lonely, disguised in the basic math. Take
nothing for granted. Escape what you are,
what you wish you will one day become.
It doesn’t matter. The skin dies. The worm
lives a whole year in darkness. The clouds
go on rising away from the falling rain.
Even the good love inside you will vanish.
The wheels will seize and the trickling stream
at the top of the mountain will carve out
a valley below. The world will give you
an opening always. The night sky. The moon
lifting over the tall and mysterious pines.
Hold out the feather you found last night
in the bracken. All it can offer is already
there in your hand.
Copyright © 2018 Kai Carlson-Wee. This poem originally appeared in Tin House, Winter 2018. Used with permission of the authors.
When I’m alone my tits scream
while the refrigerator
hums like a man nodding
off behind me on the bus.
There is never any food
I want to eat and I am ravenous
all the time: soft-boiled
eggs and mint tea. Milk
thick as leftover grease
stored under the sink.
My friend is a dairy farmer,
which means she delivers
cows, pulls velvety hooves
from gaping maws like psalms
into the muck and wet
hay. We haven’t spoken
since my daughter was born
but maybe our friendship
ended when I was eight months
pregnant and she told me about
a stillbirth over the phone,
how the mother
kept licking the calf’s body
drowned in dull light
and I couldn’t un-hear
her voice, no matter how much
I believed it might unstitch
me from my own grief,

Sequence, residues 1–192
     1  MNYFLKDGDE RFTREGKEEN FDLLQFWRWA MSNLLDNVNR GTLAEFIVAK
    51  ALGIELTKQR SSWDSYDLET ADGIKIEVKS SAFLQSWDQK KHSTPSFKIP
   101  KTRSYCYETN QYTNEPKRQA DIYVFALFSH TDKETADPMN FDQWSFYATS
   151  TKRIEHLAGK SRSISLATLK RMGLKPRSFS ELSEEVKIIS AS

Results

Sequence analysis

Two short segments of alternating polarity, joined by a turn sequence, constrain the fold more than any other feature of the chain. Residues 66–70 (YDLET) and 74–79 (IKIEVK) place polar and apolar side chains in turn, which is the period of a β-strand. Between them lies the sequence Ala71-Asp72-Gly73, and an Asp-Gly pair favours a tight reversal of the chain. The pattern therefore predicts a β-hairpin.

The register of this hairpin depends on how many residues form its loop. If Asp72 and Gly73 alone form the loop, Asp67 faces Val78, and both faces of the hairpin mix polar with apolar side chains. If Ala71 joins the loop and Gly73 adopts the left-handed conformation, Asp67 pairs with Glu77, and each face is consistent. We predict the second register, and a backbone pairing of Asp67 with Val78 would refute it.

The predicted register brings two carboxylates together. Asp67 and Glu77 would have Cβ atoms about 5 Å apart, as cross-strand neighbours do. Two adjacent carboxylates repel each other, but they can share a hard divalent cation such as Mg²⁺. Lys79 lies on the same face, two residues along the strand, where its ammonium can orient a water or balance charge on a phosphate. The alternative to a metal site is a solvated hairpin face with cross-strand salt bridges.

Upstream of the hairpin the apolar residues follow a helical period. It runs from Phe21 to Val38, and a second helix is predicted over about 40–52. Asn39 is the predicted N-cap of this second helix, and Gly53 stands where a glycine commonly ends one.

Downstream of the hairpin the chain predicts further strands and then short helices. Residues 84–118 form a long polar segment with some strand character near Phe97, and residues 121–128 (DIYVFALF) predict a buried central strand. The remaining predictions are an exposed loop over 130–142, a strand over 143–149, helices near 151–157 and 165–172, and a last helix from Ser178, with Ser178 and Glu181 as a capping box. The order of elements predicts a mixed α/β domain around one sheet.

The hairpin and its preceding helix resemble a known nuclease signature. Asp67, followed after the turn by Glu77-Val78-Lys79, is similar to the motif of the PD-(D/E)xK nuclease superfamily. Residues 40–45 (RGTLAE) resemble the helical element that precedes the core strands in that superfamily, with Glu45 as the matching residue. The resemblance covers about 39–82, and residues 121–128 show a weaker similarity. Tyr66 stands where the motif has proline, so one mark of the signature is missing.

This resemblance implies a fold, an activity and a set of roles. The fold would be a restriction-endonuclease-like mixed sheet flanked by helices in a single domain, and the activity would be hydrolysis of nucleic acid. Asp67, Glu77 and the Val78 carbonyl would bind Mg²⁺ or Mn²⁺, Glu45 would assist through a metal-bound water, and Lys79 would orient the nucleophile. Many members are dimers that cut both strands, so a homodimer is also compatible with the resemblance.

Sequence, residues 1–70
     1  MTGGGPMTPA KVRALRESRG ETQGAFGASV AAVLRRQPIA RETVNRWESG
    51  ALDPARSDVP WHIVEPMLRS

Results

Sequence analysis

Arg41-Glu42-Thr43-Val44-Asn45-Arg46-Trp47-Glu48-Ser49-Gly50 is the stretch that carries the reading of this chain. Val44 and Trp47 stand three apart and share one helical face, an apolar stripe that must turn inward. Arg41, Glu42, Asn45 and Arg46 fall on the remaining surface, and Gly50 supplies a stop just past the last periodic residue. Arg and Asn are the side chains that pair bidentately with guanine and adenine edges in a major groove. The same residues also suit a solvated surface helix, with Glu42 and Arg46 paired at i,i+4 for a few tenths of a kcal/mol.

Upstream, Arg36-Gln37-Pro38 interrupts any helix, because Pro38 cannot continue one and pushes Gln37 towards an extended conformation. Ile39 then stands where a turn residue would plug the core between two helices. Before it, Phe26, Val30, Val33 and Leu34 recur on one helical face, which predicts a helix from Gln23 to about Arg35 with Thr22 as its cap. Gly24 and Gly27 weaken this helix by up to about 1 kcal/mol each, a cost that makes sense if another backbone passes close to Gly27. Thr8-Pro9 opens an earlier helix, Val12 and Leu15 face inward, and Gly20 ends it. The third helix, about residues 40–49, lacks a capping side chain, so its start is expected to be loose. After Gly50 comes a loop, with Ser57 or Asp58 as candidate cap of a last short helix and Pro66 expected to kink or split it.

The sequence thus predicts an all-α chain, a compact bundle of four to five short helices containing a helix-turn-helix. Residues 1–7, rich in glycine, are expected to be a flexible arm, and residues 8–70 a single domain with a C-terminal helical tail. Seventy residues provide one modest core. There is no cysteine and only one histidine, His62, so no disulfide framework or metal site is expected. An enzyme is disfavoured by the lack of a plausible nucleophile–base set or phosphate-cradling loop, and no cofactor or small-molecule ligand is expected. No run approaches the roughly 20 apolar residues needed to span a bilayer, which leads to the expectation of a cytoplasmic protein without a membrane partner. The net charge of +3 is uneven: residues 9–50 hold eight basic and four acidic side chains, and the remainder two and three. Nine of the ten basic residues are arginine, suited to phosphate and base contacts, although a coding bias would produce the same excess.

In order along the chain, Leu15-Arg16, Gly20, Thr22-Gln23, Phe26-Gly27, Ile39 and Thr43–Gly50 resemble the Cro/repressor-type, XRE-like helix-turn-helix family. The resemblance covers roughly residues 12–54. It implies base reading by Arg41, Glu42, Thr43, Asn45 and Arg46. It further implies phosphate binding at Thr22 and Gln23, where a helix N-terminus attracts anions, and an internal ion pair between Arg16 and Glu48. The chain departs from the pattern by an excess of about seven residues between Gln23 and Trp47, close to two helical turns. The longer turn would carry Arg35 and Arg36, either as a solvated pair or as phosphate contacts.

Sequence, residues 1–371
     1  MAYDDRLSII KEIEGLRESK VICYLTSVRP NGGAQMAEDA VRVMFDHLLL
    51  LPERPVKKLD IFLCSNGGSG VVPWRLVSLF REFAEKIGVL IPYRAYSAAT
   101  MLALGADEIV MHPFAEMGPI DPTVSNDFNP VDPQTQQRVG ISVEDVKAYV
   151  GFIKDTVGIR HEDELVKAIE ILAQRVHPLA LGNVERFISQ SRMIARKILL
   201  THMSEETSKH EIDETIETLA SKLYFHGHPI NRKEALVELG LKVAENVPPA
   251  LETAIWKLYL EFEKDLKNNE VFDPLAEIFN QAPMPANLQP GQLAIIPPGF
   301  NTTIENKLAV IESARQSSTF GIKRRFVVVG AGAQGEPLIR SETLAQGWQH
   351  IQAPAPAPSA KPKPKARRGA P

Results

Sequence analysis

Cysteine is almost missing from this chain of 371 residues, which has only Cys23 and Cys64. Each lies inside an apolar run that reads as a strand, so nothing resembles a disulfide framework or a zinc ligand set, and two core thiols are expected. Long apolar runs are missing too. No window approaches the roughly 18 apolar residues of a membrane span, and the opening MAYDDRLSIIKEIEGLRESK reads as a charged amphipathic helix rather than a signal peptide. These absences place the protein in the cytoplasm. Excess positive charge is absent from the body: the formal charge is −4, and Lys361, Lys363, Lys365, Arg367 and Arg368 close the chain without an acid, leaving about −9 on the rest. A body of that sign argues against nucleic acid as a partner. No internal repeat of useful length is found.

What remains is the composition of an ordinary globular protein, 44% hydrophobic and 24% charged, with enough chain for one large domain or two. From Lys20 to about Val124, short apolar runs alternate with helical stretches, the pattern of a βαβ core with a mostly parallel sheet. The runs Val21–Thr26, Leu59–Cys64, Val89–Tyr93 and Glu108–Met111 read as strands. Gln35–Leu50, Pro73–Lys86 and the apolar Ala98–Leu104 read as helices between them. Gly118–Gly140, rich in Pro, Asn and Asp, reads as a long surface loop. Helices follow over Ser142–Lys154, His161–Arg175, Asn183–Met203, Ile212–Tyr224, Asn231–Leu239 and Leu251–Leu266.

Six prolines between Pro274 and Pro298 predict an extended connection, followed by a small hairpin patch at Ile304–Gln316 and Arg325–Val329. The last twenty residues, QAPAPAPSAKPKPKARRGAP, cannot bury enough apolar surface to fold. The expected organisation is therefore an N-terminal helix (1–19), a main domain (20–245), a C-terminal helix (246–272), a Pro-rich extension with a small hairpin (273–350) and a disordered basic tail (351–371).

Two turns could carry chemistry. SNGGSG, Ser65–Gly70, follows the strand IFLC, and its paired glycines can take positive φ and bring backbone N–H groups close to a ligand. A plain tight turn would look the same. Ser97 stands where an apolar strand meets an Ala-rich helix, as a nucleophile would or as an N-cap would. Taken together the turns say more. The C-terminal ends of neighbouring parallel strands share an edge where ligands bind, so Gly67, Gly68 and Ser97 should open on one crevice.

the way I became no more
or less beautiful
when I became a mother,
more like the perpetual
frost of astonishment
across a windshield,
more like I was doubled
and emptied, permanently
bent as if tending to a wound
or some unspeakable joy.
Copyright © 2018 Kendra DeColo. This poem originally appeared in Tin House, Winter 2018. Used with permission of the author.
I watch as a spotted cow tenderly licks another cow beneath an ear
shaped like one leaf of a four-leaf clover
in a barnyard shouldered between secondary roads and a brand-new
modular home, where three guys heave-ho
at a cable big around as my arm, trying to get the house hooked up to a
utility pole, and for some reason
they remind me of subjects in a painting, a bucolic pastoral, or a heroic
tableau of some legendary battle’s pivotal moment—
planting a flag, hauling in a lifeboat of the half-drowned—you know, the
kind where if anyone’s dying, they’re doing it
so monumentally it’s only an aesthetic, abstracted kind of sad? I rely on
that distance. Anything to keep the brick off my chest.
But I can’t stop looking, either, and the cows are spavined, underfed, the
house someone punched the clock hard to buy
is ugly, almost windowless. And the men are stalled. They spit, look
defeated. Then again, maybe I’m wrong, maybe they’re just
taking a break. I can’t always tell the difference between sad and sweet;
sometimes they taste the same to me. It’s a confusion
to which I’m prone, an allegiance, I won’t say religion, but it could be the
only way I know how to pray. I keep tasting that ear,